By Dr. Bindheshwar Pathak
When I came on the scene of sanitation in 1968 the scene was rather depressing. The practice of defecation in the open was common and in urban areas the use of bucket toilets necessitated engagement of scavengers, a class engaged in manually cleaning excreta of others.
It was associated with un-touchability. It was Gandhiji who first stirred the conscience of the nation towards the evils mentioned afore. He said “No one should clean and carry human excreta of others just to earn one’s livelihood. There must be some scientific method of human waste disposal.” For this a suitable technology was essential.
I invented, for the purpose two-pit pour-flush compost toilet technology for the individual household and for community needs took up construction and maintenance of public toilets run on ‘pay and use’ basis attached with excreta based bio-gas plant inked to Sulabh Effluent Treatment device.
The two pit technology, with alternate use and economizing water use for flushing and onsite waste disposal facility dispensing with the necessity of engaging scavengers and replacing sewerage and septic tank systems both of which are cost prohibitive, is technically appropriate and ecologically acceptable.
While septic tank system needs periodic cleaning requiring engagement of Safai Karamchari banned under law, the sewerage is difficult of maintenance and requires great amount of water for flushing.
The attachment of bio-gas plant linked with Sulabh Effluent Treatment Device renders reduction of BOD of effluent to much less than 10 mg/l when processed through sedimentation, sand filtration and aeration tanks, carbon filtration and exposed under the UV rays. The system has multiple advantages: improves sanitation, makes available energy, bio-fertilizer and reduces green house effect.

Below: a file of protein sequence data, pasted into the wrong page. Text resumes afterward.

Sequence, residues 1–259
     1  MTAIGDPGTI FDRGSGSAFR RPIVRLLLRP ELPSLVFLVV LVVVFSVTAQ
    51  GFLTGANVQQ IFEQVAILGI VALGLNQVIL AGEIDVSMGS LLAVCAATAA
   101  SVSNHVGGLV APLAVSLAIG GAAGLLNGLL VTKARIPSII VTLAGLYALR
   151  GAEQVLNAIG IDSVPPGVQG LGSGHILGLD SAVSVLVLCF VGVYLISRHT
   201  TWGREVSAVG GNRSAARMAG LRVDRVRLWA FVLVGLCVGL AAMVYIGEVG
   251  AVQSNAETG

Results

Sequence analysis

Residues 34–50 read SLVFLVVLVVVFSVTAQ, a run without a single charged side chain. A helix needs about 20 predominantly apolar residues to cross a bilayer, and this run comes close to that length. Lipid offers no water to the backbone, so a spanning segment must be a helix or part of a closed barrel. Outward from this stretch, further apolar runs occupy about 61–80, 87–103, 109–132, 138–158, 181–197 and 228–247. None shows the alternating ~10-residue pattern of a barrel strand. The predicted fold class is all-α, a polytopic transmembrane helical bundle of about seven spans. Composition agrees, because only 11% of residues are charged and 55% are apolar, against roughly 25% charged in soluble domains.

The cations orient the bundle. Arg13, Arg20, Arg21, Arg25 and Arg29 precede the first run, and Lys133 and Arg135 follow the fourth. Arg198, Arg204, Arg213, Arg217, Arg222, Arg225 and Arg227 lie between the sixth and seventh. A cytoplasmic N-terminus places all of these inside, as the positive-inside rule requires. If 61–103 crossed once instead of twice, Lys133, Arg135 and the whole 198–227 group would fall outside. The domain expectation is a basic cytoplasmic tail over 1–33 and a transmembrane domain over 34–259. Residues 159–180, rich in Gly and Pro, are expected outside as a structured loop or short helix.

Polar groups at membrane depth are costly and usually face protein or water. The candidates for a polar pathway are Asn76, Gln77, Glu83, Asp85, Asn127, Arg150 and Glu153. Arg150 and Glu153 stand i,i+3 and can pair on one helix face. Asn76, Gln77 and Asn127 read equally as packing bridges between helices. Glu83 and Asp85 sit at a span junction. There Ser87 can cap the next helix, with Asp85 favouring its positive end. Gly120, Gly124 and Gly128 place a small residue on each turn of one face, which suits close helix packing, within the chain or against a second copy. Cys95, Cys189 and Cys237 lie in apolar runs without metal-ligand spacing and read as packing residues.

The systems are replicable, sustainable and scalable considering that Sulabh technologies based facilities of 1.3 million household toilets and nearly 8000 maintained public toilets are used by 15 million people on a daily basis. The two pit technology dispensing engaging services of the scavengers leads to scavengers losing employment. Their rehabilitation is effected by training them in market oriented trades. This was done by establishing a training institution at Alwar.
The trained erstwhile scavengers develop capability of being gainfully employed and economically self-reliant raising their social status and enabling them to enter the temples and joining the mainstream of society. On Supreme Court ascertaining whether Sulabh is willing to take up work of welfare of widows at Vrindavan, Sulabh agreed to do so and took up welfare work for widows at Vrindavan, Varanasi and Deoli Bhanigram Panchayat devastated by floods in Uttarakhand in 2013.
In the Ashrams at Vrindavan each widow is provided a stipend of Rs. 2000 per month and trained to make garlands, incense sticks; and, have been provided ambulances, TVs and refrigerators. Whereas earlier on death they were denied a decent cremation now, they are cremated according to prescribed rituals.
Their earlier yearning to die stands replaced with the desire to live. Summing up the functioning of Sulabh is not only to provide toilets for all but also to spread the culture of sanitation in the country. Synopsis
(Author: Padma Bhushan Dr. Bindheshwar Pathak, Renowned Social Reformer, Thinker, Sociologist & Author Founder – Sulabh International Social Service Organisation)